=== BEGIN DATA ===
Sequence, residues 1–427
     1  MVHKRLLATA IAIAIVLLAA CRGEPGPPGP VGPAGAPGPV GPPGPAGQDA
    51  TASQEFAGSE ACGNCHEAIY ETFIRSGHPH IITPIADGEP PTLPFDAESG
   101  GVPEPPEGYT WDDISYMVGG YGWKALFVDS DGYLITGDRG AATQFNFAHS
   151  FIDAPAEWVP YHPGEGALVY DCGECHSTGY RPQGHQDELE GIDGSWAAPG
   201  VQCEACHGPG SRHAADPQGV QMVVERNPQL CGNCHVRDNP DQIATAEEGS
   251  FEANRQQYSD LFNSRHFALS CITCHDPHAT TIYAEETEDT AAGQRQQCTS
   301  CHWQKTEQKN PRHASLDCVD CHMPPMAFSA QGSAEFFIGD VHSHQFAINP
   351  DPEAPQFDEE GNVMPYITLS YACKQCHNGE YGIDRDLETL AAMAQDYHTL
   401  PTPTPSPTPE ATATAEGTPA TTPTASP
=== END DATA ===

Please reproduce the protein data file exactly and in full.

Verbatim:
Sequence, residues 1–427
     1  MVHKRLLATA IAIAIVLLAA CRGEPGPPGP VGPAGAPGPV GPPGPAGQDA
    51  TASQEFAGSE ACGNCHEAIY ETFIRSGHPH IITPIADGEP PTLPFDAESG
   101  GVPEPPEGYT WDDISYMVGG YGWKALFVDS DGYLITGDRG AATQFNFAHS
   151  FIDAPAEWVP YHPGEGALVY DCGECHSTGY RPQGHQDELE GIDGSWAAPG
   201  VQCEACHGPG SRHAADPQGV QMVVERNPQL CGNCHVRDNP DQIATAEEGS
   251  FEANRQQYSD LFNSRHFALS CITCHDPHAT TIYAEETEDT AAGQRQQCTS
   301  CHWQKTEQKN PRHASLDCVD CHMPPMAFSA QGSAEFFIGD VHSHQFAINP
   351  DPEAPQFDEE GNVMPYITLS YACKQCHNGE YGIDRDLETL AAMAQDYHTL
   401  PTPTPSPTPE ATATAEGTPA TTPTASP